don’t have family members willing to take over their businesses. Some of these owners want to sell just part of their firms, essentially taking on a partner, because they don’t want to keep carrying all the risk themselves. Honey Rand fits the category. After 17 years of running her Tampa, Fla., public relations firm Environmental PR Group, she’s starting to think about selling. The 55-year-old wants to get away from the administrative work that goes into running a business and focus on working with clients. “Like most people who end up starting a business, I’m really good at the work I do, and I’d love the opportunity to wallow around in it,” says Rand. She’s optimistic that she’d be able to sell, because she was approached twice by prospective buyers in the last 10 years. And Rand expects that she would remain with the company for a period following a sale to help with the transition to new management — something that many business owners do. In California, the pace of sales is more of a “slow

pickup, not a huge spike,” says Dave Richards, owner of Keystone Business Advisors, a brokerage in Westlake Village, Calif. “Baby boomers are where we’re really seeing the growth. It’s pent-up demand,” Richards says. One of those boomers is Walt Pocock. In late 2011, Pocock met with a broker to discuss possibly selling his Chino, Calif., business, Palo Verde Landscape Management Co. But he and his wife, Dee, who also worked with the company, weren’t quite ready to let it go. However, selling became “something we were thinking about from then on,” Pocock said. Within a year, the 70-year-old decided he was ready to retire, and Dee, 78, agreed. The difficult business climate was a factor in their decision. “The economy had not been good, and it had been a struggle, and we got tired of the struggle,” he said. They put the company on the market in January and quickly had several bidders. Pocock got his full asking price, and the deal closed April 1. Now he and his wife are looking forward to traveling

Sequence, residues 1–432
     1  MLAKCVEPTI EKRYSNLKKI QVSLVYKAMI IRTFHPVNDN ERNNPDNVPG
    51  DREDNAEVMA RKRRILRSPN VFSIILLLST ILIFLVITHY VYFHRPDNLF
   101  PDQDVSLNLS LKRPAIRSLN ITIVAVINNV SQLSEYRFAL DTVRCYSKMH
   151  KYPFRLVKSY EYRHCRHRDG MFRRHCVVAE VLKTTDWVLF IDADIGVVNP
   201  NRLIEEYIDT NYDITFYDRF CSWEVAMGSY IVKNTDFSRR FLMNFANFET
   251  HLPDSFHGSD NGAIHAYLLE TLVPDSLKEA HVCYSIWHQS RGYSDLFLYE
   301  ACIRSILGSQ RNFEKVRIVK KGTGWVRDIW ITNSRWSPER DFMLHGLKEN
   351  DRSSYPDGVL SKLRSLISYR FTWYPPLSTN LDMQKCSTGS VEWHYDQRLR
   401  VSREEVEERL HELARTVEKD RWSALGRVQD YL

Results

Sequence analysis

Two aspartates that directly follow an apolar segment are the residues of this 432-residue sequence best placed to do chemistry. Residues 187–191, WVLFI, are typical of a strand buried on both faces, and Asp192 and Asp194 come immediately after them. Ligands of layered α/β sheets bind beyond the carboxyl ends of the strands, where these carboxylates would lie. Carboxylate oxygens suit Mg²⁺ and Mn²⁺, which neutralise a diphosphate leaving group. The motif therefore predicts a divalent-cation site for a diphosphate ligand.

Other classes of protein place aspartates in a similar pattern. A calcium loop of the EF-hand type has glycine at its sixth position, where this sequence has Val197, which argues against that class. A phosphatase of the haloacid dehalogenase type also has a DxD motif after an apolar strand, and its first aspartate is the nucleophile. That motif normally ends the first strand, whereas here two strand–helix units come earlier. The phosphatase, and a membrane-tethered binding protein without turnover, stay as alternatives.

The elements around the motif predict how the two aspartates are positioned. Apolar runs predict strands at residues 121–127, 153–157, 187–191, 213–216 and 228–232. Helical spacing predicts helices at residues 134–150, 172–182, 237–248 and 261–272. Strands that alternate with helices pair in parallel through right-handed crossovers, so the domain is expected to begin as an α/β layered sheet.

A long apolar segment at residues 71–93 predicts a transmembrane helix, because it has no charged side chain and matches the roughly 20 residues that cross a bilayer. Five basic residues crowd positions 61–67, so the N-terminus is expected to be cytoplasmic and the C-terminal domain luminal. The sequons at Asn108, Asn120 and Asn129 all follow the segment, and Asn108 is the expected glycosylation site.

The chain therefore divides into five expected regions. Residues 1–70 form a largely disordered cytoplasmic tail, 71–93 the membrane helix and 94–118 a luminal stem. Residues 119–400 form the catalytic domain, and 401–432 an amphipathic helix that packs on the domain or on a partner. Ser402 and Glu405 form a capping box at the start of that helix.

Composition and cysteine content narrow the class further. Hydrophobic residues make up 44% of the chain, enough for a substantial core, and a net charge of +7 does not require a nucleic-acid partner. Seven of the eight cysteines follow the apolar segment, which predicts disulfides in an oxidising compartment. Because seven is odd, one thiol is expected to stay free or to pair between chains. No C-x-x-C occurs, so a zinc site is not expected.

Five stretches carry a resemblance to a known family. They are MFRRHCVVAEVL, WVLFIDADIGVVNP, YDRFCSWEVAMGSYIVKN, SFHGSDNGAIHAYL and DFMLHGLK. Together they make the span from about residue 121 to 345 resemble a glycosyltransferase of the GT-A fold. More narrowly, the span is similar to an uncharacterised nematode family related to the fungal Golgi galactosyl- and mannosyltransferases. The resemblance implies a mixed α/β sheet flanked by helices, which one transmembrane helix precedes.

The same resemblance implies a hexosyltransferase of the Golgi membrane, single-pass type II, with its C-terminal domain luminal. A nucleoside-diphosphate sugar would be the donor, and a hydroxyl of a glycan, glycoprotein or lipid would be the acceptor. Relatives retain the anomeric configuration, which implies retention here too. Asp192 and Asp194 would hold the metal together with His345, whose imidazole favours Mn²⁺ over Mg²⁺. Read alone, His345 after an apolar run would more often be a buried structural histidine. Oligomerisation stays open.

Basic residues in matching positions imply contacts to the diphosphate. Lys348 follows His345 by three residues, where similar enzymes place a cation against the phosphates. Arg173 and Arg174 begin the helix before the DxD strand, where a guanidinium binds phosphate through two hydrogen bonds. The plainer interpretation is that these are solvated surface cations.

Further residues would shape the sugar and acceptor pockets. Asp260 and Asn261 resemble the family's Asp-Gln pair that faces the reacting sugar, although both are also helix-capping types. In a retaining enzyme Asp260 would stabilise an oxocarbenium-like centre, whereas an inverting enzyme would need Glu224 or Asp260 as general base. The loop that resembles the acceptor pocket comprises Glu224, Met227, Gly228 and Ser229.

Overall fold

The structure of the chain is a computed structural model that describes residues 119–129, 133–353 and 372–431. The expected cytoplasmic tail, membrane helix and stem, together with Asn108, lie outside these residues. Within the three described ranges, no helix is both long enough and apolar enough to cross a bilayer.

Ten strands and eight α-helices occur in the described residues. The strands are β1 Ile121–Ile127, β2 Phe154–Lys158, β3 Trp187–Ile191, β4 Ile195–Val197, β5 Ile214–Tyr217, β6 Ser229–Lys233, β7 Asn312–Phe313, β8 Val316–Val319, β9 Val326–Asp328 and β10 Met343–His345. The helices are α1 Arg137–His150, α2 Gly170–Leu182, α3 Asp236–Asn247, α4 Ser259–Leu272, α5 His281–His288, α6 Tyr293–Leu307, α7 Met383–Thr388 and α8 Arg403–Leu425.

around the country in their motor home. Sellers like Pocock are going to keep the market for small businesses thriving for years to come. “Trillions of dollars of business value are going to change hands in the next 10 to 20 years,” says Bob Balaban, managing director at Headwaters MB, an investment bank based in Denver. He believes so-called “strategic acquisitions” — purchases by companies looking to expand — will be a key factor in that trend. In a tight economy, companies looking to grow feel that it would take years to build up their businesses. “They have to do acquisitions to continue to grow and grow quickly,” Balaban says. Buyers appear to be ready to step up and are looking for companies that will be good fit with their existing operations. Health-care related businesses like medical billing firms, pharmacies and even medical and dental practices are particularly in demand, says Keystone’s Richards. He’s seeing less interest in restaurants and retailers, industries where profit margins are thinner and where many companies are still struggling. Schuster, the Miami broker, says he sees people who were waiting for the economy to pick up, and they’ve decided that business is good enough for them to take the plunge. “There’s a lot of people who were sitting on the sidelines and could not do that anymore — the election’s over and things are getting better,” he